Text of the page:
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Isaiah 53:2-4 The Passion Translation (TPT)

He sprouted up like a tender plant before the Lord,[a]
    like a root[b] in parched soil.
    He possessed no distinguishing beauty
    or outward splendor to catch our attention—
    nothing special in his appearance to make us desire him.
He was despised and rejected by men,
    a man of deep sorrows
    who was no stranger to suffering and grief.[c]
    We hid our faces from him in disgust
    and considered him a nobody, not worthy of respect.

The Sin-Bearer Servant

Yet he was the one who carried our sicknesses[d]
    and endured the torment of our sufferings.
    We viewed him as one who was being punished[e]
    for something he himself had done,
    as one who was struck down by God and brought low.


  1. Isaiah 53:2 Or “before him.”
  2. Isaiah 53:2 Jesus is the Root of David and the Sprouting of the Lord (Isa. 11:1). The parched soil can represent both the barrenness of humanity before God and the barren season of Israel’s history when Jesus appeared. A root cannot live in dry ground, yet we see a hint here that the Messiah would be miraculously born. A root in dry ground is an allusion to the virgin birth of Jesus, who was conceived without a human father.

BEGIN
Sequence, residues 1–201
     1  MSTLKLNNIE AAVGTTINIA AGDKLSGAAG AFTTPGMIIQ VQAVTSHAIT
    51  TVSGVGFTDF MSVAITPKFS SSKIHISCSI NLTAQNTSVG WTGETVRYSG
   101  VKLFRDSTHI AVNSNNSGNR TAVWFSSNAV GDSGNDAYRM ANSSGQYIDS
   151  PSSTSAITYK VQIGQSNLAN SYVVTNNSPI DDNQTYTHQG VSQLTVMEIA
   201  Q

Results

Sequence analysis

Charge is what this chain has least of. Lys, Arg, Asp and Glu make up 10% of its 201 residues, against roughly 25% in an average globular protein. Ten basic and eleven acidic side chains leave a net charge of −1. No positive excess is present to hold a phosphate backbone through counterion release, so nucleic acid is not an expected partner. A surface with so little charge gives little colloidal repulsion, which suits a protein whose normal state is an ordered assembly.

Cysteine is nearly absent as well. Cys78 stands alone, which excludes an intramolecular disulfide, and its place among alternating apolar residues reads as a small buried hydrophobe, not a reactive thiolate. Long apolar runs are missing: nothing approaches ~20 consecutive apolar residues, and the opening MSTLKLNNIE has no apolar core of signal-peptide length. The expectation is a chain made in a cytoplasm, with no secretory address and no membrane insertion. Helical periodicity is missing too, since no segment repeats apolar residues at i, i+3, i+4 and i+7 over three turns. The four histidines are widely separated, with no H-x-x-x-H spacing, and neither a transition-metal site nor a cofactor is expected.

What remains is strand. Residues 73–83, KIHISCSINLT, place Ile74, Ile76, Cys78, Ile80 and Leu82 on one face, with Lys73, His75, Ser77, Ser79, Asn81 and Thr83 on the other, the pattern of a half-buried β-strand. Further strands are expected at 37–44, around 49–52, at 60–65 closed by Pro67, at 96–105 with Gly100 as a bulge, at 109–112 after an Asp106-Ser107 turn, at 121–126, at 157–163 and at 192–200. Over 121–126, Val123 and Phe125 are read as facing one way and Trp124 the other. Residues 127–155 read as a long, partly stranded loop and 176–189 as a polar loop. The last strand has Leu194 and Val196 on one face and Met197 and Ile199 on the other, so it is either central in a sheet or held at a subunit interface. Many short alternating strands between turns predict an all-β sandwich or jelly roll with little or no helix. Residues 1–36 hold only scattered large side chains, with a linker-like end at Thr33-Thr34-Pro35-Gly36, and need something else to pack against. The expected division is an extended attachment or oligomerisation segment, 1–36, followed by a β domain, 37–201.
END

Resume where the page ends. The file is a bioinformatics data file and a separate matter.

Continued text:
3. Isaiah 53:3 Yet Jesus was the most emotionally whole and healed man to ever walk the earth. He did not absorb the insults and rejections of even his own neighbors (Luke 4:14-30).
  4. Isaiah 53:4 This was fulfilled in two ways. First, when the Lamb of God carried away diseases as he walked the earth (Matt. 8:16-17). And second, by paying the sin price of all humanity on the cross with his sacred blood.
  5. Isaiah 53:4 Or “stricken,” a word used for one who is struck with leprosy. Because of this, the Jewish Talmud gives many opinions about this verse, then offers an authoritative ruling of the sages. “The rabbis say: ‘His name is The Leper … as it is said [in Isaiah 53:4], “Surely our sicknesses he himself bore and our sorrows he carried, yet we ourselves esteemed him stricken, smitten of God, and afflicted”’” (b. Sanhedrin 98b). Their conclusion was that the Messiah will be called “the Leper of the House of Rabbi.” They understood that he would not be an actual “leper” but that he would carry the “spiritual leprosy” of the people, as a leper carries his affliction.
The Passion Translation (TPT)

The Passion Translation®. Copyright © 2017 by BroadStreet Publishing® Group, LLC.
Used by permission. All rights reserved. thePassionTranslation.com


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